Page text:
N. Korean leader's son gains in power

April 10, 1993|By New York Times News Service

TOKYO -- In the clearest signal yet that North Korea is in the midst of a transition of power during its nuclear standoff with the West, its government said yesterday that Kim Jong Il, the son and heir apparent of the nation's founder, has been appointed chairman of the National Defense Committee, one of the three highest posts in the nation.

The announcement came during a session of the Supreme People's Assembly, nominally the country's highest authority.

Western analysts said the appointment strengthened Mr. Kim's authority over the North Korean military and removed most doubts over whether he will succeed his father, Kim Il Sung, as president. The elder Mr. Kim, who is surrendering his title as the chairman of the military, turns 81 next week.

"It is a very important change, and it is a move that many people thought would never happen," said a Western official in Seoul. "Kim Jong Il is now formally in control of the military."

The younger Mr. Kim, 51, is widely believed to be the man behind North Korea's announcement last month that it would pull out of the Nuclear Non-Proliferation Treaty. He is also believed to be in charge of the country's arms program, including its suspected nuclear weapons project and its efforts to develop a new medium-range missile thought to be capable of carrying nuclear and chemical weapons.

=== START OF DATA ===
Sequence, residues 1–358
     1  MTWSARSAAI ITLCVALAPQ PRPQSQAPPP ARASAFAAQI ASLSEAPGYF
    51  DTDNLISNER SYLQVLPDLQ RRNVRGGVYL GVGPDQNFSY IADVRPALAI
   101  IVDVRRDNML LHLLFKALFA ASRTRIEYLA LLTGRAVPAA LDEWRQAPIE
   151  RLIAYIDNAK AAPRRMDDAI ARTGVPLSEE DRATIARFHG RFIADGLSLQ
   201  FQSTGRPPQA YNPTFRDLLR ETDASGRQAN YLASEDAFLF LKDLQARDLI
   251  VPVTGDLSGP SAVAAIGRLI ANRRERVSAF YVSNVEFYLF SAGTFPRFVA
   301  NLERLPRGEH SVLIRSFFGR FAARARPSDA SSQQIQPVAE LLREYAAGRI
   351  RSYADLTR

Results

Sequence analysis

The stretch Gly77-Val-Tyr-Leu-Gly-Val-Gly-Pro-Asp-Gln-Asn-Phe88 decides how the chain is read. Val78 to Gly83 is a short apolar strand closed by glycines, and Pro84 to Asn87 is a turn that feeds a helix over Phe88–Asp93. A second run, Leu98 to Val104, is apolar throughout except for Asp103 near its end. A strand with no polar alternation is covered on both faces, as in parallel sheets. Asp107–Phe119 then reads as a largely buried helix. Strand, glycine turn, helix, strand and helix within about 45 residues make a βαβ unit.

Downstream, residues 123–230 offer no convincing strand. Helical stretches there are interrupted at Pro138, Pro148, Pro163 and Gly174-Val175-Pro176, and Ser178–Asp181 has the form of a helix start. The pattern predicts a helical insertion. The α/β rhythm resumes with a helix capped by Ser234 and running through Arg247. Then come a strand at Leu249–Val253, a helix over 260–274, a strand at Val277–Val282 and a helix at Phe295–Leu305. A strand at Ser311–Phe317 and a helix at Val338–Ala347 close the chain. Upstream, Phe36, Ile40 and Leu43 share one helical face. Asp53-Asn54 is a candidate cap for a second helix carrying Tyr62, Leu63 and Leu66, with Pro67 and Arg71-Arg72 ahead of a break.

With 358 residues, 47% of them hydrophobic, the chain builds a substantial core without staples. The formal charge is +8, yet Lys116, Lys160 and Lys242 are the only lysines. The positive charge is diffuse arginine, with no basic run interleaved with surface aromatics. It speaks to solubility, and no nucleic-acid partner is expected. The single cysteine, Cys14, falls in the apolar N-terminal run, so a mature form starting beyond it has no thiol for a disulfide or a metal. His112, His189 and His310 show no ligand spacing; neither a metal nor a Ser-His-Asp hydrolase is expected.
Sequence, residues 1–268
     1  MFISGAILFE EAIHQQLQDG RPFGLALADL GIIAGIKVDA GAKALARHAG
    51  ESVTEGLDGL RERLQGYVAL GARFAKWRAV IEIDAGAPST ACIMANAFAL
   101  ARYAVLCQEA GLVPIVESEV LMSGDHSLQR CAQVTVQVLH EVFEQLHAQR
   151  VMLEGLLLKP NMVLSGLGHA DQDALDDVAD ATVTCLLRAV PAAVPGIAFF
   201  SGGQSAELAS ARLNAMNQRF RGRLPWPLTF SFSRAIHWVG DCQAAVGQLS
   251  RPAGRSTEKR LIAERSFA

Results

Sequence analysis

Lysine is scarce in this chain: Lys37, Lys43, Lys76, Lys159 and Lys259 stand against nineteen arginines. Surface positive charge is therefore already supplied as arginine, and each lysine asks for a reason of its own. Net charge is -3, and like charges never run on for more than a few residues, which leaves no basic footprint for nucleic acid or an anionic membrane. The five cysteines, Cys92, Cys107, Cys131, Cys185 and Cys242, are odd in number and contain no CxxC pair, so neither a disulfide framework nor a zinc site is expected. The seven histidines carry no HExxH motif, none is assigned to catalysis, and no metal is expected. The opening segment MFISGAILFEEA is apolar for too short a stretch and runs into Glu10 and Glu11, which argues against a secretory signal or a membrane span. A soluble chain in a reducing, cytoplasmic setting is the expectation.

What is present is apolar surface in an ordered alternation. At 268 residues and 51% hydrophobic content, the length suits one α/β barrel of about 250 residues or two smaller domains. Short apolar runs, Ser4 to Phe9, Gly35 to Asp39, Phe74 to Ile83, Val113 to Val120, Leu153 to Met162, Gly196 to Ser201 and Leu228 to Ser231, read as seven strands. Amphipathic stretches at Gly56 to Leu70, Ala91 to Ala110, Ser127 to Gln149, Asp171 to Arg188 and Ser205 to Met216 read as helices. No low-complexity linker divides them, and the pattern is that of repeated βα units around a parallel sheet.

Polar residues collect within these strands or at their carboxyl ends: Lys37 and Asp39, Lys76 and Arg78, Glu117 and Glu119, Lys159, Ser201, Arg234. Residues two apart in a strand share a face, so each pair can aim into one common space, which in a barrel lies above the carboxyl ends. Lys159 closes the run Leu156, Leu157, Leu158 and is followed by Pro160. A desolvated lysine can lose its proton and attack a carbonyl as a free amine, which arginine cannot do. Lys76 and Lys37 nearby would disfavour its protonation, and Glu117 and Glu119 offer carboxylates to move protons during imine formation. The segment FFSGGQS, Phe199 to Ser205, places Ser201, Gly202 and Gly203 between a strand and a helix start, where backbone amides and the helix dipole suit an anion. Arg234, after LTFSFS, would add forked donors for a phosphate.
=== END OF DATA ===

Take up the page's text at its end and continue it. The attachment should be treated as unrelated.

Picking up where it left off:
A U.S. Defense Department official said this week that Iran was negotiating to obtain the missile, which would be capable of reaching Japan from North Korea.

The United Nations Security Council issued a mildly worded statement of concern Thursday about North Korea's announcement that it was withdrawing from the Non-Proliferation Treaty. The statement contained no specific criticisms or suggestions of future sanctions.

U.S. officials have said they are willing to give quiet diplomacy some time to work before North Korea's withdrawal from the treaty takes effect in June, but they suggested that sanctions might follow.

Western analysts have watched the Supreme Assembly meeting in Pyongyang with considerable concern because of the increasingly threatening tone of its statements.

"Should outside forces take any kind of 'coercive measure' against our republic now, it would be a new train plunging the whole of the Korean Peninsula into the flame of war," Kang Song San, a senior government official, was quoted as telling the Supreme Assembly. "Then our fellow countrymen would suffer great national disasters of thermonuclear war on top of the tragedy of division."

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